Thakur writes “When Muhammad Kasim invaded Sind in 711 AD, Hinduism had no resistance to offer to their fire and steel. The rosary could not be a match for the sword and the terms Love and Peace had no meaning to them. They carried fire and sword wherever they went and obliterated all that came their way. Muhammad triumphantly marched into the country, conquering Debal, Sehwan, Nerun, Brahmanadabad, Alor and Multan one after the other in quick succession, and in less than a year and a half, the far-flung Hindu kingdom was crushed, the great civilization fell back and Sind entered the darkest period of its history. There was a fearful outbreak of religious bigotry in several places and temples were wantonly desecrated. At Debal, the Nairun and Aror temples were demolished and converted into mosques. Resistors were put to death and women made captives. The Jizya was exacted with special care. Hindus were required to feed Muslim travelers for three days and three nights.”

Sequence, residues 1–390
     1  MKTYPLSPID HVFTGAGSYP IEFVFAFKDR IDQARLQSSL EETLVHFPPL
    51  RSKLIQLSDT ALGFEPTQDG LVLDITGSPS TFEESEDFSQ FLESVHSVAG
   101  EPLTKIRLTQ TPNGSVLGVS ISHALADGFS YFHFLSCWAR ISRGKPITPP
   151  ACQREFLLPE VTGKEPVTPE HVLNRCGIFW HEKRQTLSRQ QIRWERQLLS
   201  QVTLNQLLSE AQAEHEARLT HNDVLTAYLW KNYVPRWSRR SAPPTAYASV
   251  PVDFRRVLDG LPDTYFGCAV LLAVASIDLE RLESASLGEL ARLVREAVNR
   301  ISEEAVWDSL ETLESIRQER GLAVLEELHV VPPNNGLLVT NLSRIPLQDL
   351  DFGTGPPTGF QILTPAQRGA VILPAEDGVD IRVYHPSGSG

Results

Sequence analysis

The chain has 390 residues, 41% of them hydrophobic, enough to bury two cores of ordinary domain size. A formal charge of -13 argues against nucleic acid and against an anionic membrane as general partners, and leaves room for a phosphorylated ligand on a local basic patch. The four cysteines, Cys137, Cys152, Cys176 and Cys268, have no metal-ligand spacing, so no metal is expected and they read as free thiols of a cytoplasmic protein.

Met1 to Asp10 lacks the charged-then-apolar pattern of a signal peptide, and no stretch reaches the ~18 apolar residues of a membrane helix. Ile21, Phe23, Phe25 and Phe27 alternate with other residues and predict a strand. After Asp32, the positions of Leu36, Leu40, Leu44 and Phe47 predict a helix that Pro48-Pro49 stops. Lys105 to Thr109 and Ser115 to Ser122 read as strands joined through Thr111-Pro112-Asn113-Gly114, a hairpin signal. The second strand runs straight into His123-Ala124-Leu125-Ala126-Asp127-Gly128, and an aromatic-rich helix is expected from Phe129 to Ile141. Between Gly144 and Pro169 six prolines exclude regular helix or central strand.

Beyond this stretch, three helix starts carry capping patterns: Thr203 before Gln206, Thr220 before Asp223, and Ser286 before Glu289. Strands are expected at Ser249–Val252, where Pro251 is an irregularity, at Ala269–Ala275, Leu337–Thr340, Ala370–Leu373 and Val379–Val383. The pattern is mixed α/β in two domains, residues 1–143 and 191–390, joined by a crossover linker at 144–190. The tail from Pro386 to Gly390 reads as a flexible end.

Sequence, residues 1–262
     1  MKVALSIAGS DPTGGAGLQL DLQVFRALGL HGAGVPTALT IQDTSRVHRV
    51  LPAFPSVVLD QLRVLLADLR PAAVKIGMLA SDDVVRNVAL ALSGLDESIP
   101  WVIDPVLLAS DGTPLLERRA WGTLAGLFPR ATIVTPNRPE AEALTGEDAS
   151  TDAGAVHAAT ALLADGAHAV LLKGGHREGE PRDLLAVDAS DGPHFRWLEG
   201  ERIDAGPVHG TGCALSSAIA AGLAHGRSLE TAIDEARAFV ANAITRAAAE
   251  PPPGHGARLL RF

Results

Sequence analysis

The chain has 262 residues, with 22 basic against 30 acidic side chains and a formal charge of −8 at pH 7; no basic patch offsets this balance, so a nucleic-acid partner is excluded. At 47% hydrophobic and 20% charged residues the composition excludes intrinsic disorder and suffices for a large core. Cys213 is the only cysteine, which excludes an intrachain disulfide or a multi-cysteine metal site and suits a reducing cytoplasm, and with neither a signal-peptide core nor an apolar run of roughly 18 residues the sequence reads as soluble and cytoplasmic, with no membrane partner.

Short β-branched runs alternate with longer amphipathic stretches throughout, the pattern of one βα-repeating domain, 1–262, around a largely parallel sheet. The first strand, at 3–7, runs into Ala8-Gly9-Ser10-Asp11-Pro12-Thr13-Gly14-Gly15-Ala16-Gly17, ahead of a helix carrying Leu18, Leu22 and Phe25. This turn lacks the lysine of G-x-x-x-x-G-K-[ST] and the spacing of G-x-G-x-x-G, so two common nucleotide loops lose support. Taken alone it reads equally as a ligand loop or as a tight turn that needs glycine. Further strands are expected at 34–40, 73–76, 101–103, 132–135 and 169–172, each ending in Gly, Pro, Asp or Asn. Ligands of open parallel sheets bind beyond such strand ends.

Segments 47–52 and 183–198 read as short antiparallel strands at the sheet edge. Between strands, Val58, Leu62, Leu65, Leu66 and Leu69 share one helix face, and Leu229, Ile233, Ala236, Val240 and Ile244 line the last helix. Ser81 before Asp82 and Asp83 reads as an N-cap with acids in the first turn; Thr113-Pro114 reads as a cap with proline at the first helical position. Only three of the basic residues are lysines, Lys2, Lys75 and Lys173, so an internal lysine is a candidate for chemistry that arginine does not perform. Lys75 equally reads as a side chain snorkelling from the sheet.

Other historians and archaeologists such as J E Lohuizen-de Leeuw offers another explanation.

He writes “In fact, we have clear evidence that the Arabs were very tolerant towards the Hindus during the rest of the campaign and throughout the time they ruled Sind...Of course that does not mean that no monuments were ever destroyed, for war always means a certain amount of damage to buildings but it does prove that there was no wanton and systematic destruction of each and every religious Center of the Hindus in Sindh”